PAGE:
New research by analyzing ancient fragments of our planet's rocks provides some of the strongest evidence that Earth's crust at least
New research by analyzing ancient fragments of our planet's rocks provides some of the strongest evidence that Earth's crust at least <3.25 billion years ago, it was being compressed and stretched in a manner similar to today's plate tectonics. The study also provides the first evidence of when our planet's magnetic north and south poles switched positions. These two results are actually clues as to how such Geological changes could have led to a more favorable environment for the evolution of life on planet Earth.
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This research is led by "Alec Brenner" and "Roger Fu" (Harvard University geologists, whose results It was published in the Proceedings of the National Academy of Sciences of the United States of America (PNAS), on a part of the Pilbara Craton in Western Australia, which is one of the oldest and most stable parts of the Earth's crust. It was focused. Using new techniques and equipment, researchers have shown that some of the earliest parts of the Earth's surface moved at a rate of 6.1 cm per year and 0.55 degrees per 1 million years.
This speed is more than It is twice the speed of the ancient crust that was shown in the previous study by the same researchers. Both the speed and the direction of this transverse thrust, consider plate tectonics as the most logical and strongest explanation for this issue.
Brenner said in this context. : "Many studies show that, contrary to today's situation, in the early history of the Earth, plate tectonics, during which the internal heat of the planet is released through the movement of plates, was not the dominant method. This evidence helps us more confidently reject explanations that do not involve plate tectonics."
For example, these results contradict theories called "True Polar Wander" and " 'Stagnant Lid Tectonics', both of which can cause land surface movement, but are not part of modern-style plate tectonics. The results lean more toward plate tectonic movement, the newly discovered higher speed, which is inconsistent with aspects of the other two processes.
In this paper, scientists also present what is believed to be the oldest evidence of It is described as the time when the earth was reversing its geomagnetic fields. During periods of Earth's history, the position of the magnetic north and south poles has changed. According to NASA, this type of shift is a common occurrence in Earth's geological history, and in the past 83 million years, the magnetic poles have reversed 183 times, and perhaps several hundred times in the past 160 million years.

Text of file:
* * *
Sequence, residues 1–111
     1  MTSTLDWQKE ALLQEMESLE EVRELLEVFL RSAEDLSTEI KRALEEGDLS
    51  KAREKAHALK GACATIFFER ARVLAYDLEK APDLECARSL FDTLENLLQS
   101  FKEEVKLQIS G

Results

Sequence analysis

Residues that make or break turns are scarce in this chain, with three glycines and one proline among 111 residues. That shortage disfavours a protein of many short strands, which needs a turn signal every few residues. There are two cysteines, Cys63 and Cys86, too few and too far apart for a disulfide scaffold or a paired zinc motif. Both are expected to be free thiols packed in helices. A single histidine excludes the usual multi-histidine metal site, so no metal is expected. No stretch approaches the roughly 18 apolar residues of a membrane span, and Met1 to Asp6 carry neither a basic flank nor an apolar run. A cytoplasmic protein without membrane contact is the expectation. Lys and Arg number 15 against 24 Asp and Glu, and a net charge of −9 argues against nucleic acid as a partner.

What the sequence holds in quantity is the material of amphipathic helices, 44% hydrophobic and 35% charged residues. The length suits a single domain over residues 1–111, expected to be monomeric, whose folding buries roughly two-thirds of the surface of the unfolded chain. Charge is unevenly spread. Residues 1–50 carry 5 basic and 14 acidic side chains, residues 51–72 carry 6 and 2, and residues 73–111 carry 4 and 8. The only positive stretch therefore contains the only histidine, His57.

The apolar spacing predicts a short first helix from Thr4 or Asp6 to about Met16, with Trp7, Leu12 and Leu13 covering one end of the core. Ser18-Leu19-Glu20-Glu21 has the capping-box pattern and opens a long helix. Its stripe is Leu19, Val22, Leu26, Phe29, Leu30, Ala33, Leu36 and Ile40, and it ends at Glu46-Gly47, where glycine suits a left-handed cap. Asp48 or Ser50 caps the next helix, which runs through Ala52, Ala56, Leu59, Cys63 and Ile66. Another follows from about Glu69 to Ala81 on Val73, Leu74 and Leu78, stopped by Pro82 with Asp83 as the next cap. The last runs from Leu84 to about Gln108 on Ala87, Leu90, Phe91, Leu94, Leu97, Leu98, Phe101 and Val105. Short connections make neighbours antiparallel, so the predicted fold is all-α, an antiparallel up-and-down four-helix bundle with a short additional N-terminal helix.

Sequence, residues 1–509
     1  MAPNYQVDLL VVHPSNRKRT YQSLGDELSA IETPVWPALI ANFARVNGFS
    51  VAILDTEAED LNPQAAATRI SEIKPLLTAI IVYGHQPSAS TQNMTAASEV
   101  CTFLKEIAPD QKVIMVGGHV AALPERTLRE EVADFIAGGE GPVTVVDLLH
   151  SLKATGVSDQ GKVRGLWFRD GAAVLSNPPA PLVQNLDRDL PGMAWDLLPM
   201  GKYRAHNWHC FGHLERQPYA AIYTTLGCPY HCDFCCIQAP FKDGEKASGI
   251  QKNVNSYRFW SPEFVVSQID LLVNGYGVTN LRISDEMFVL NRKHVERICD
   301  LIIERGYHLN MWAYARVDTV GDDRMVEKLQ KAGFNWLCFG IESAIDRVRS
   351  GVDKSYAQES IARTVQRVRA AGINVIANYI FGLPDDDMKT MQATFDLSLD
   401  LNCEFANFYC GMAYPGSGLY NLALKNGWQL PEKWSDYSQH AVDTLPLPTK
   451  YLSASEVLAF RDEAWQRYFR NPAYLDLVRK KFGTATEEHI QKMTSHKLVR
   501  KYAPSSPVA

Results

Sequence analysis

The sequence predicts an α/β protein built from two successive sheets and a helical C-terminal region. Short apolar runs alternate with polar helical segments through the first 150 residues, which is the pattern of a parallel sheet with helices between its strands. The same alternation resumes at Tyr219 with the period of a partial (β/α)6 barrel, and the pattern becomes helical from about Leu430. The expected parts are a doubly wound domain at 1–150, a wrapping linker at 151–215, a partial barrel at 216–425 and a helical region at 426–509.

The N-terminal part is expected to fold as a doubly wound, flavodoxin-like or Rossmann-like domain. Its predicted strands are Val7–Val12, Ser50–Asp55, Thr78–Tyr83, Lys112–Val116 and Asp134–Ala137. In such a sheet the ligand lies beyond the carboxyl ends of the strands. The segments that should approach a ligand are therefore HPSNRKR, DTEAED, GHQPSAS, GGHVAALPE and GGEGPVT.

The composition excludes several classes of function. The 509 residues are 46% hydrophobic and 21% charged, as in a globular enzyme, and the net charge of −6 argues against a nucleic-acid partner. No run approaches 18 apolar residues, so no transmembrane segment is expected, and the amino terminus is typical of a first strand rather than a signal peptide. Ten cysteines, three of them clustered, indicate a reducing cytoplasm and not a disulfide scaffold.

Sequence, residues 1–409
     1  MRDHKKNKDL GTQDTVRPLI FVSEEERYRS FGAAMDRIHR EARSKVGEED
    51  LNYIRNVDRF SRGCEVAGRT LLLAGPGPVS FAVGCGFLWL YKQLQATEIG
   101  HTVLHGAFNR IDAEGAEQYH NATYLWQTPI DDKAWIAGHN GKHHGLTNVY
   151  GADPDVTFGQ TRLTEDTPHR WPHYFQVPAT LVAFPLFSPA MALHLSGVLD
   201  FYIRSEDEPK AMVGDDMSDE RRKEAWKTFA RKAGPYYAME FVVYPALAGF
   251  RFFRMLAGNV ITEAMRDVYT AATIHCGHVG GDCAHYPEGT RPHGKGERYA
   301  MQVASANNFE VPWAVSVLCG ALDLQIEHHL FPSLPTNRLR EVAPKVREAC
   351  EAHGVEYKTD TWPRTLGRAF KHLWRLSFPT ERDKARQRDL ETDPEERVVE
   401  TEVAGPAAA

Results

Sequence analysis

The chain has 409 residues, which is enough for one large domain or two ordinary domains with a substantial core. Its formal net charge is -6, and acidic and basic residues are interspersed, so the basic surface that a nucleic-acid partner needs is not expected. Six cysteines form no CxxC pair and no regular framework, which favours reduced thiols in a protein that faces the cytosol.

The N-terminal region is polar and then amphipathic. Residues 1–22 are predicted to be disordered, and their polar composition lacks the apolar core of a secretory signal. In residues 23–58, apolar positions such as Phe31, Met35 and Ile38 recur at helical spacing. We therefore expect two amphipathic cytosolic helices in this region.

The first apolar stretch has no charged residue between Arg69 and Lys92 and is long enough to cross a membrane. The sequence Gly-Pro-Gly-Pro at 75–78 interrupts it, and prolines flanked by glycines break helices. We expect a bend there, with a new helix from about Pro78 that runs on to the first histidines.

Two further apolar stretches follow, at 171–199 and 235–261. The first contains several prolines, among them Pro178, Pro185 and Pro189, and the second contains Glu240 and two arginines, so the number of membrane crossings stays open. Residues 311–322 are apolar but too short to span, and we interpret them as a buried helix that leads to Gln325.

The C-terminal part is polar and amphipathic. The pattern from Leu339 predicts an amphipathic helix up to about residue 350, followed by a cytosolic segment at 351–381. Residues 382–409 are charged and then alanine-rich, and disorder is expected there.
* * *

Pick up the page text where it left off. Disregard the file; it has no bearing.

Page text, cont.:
This information reversal It tells a lot about the planet's magnetic field 3.2 billion years ago. The key to these events is that the magnetic field was probably stable and strong enough to prevent the solar wind from eroding the atmosphere. This view, together with the results of plate tectonics, gives clues as to what the ideal conditions were for the emergence of early life forms.
Brenner pointed out: "These results paint the picture of the early Earth." which has been really mature in terms of geodynamics. Many similar dynamic processes have been going on and ultimately resulted in an Earth that had fundamentally more stable environmental and surface conditions and made the evolution and development of life more possible. or plates are formed that hold the continents and oceans of the planet. Over the millennia, the plates moved closer and further apart. In this way, they formed new continents and mountains and exposed new rocks to the atmosphere, which led to new chemical reactions and stabilized the temperature of the Earth's surface over billions of years.
The plates of the earth's crust
Credit: Earth How
From the beginning of plate tectonics Earth, evidence is hard to come by because the oldest pieces of crust are pushed into the Earth's inner crust and never resurface. Only 5% of rocks on Earth are older than 2.5 billion years, and no surface rocks are older than 4 billion years.
Overall, this study adds to the research. There is a growing body of evidence that suggests a relatively early tectonic movement in Earth's 4.5-billion-year history led to the emergence of early life forms in a more temperate environment.
Members of this project in 2018 Visit the Pilbara craton, which stretches for about 480 km, and collect samples by drilling on the primary slab and thick crust. used magnetometers, demagnetization equipment, and a quantum diamond microscope, which images the magnetic fields of a sample and precisely identifies the nature of the magnetized particles, using new techniques. created to determine the age and method of magnetization of the samples. This will allow them to understand how, when, and in what direction the crust, as well as the effect of the Earth's magnetic poles, have shifted. (EPS) and Faculty of Physics has been built. For future studies, Fu and Brenner will keep their focus on the Pilbara shell, while also exploring other ancient shells from around the world. They hope to find older evidence of modern plate motion and when the Earth's magnetic poles rotated.
Fo pointed out: "Being able to reliably read these very ancient rocks opens up many opportunities to observe a It opens up a period of time that is often known based on theory rather than real data. He added: Finally, we'll have a good picture of not only when the tectonic plates started to move. , but to reconstruct the way they change in motion and therefore change the Earth's internal processes over time."
Cover photo: A graphic design of the Earth's magnetic field
Credit: Alec Brenner